The IA (Internal Assessment) is one of the many things IB students struggle with, but some might feel that writing the IA in Physics is especially confusing since it involves experiments and calculations. This post is for those who are having a hard time coming up with a topic, are worried about writing the IA in Physics overall, or are interested in Physics but not so sure about taking it because of the IA.
An overview of IB Physics can also be seen in a previous post: Exam Strategy for IB Physics (HL/SL).
1. Overview of Physics IA
Physics IA is worth 20% of the final grade for the subject at both HL/SL levels. According to the official subject brief published by IBO, Physics IA is an “open-ended task in which the student gathers and analyses data in order to answer their own formulated research question”. There is no word limit in the written report but it should be 6-12 pages long. However, from the final assessment of 2025 (for IB students with new Physics curriculum from August 2023), the written report will have a word limit of 3,000 words.
Let’s take a look at the criteria for Physics IA to catch up on the key factors you need to consider when writing your IA.
|Assigned Points / Weightings
|2 points / 8%
The evidence of personal engagement with the exploration is clear with significant independent thinking, initiative or creativity.
The justification given for choosing the research question and/or the topic under investigation demonstrates personal significance, interest or curiosity.
There is evidence of personal input and initiative in the designing, implementation or presentation of the investigation.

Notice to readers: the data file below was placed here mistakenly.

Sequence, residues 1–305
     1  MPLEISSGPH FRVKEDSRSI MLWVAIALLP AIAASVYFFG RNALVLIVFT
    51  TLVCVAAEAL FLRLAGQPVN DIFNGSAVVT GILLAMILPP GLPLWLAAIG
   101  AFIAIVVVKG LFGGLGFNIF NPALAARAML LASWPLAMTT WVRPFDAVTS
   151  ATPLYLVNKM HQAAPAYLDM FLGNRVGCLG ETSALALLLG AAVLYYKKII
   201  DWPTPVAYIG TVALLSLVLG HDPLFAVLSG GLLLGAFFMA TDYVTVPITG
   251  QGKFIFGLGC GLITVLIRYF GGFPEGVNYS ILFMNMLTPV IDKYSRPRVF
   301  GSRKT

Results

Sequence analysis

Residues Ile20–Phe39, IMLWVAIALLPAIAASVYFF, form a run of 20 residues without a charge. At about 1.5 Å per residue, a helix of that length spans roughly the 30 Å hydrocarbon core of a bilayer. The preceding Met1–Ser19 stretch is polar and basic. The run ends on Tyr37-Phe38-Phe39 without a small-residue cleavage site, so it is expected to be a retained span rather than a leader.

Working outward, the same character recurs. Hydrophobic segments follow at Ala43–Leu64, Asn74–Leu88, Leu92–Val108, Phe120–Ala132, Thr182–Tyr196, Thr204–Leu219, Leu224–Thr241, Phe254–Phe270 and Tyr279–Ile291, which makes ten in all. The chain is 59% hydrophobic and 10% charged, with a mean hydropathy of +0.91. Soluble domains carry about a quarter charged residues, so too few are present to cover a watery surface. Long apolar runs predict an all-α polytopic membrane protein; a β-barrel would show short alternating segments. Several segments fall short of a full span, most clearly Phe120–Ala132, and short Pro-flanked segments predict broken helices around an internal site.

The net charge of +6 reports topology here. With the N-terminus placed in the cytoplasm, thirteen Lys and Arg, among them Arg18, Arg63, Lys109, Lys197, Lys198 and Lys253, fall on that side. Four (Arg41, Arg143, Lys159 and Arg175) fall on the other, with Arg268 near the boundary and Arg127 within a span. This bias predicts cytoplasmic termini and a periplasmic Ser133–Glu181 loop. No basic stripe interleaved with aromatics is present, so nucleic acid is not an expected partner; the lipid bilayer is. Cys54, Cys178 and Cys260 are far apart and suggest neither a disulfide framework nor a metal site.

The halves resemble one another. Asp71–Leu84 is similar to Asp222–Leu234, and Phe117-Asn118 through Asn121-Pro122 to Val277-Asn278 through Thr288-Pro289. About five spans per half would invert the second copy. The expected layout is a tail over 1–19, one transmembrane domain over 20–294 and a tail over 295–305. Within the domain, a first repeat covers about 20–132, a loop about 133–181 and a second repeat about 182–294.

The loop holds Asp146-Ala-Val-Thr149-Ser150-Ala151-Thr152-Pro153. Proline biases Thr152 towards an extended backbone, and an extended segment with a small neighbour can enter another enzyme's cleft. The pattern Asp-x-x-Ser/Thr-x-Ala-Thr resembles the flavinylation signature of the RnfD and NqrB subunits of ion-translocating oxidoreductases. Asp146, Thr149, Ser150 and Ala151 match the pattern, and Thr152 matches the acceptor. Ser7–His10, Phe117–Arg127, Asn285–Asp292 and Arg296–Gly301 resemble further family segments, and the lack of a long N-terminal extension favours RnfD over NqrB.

|6 points / 25%
The topic of the investigation is identified and a relevant and the fully focused research question is clearly described.
The background information provided for the investigation is entirely appropriate and relevant and enhances the understanding of the context of the investigation.
The methodology of the investigation is highly appropriate to address the research question because it takes into consideration all, or nearly all, of the significant factors that may influence the relevance, reliability and sufficiency of the collected data.
The report shows evidence of full awareness of the significant safety, ethical or environmental issues that are relevant to the methodology of the investigation.
|6 points / 25%
The report includes sufficient relevant quantitative and qualitative raw data that could support a detailed and valid conclusion to the research question.
Appropriate and sufficient data processing is carried out with the accuracy required to enable a conclusion to the research question to be drawn that is fully consistent with the experimental data.
The report shows evidence of full and appropriate consideration of the impact of measurement uncertainty on the analysis.
The processed data is correctly interpreted so that a completely valid and detailed conclusion to the research question can be deduced.
|6 points / 25%
A detailed conclusion is described and justified which is entirely relevant to the research question and fully supported by the data presented.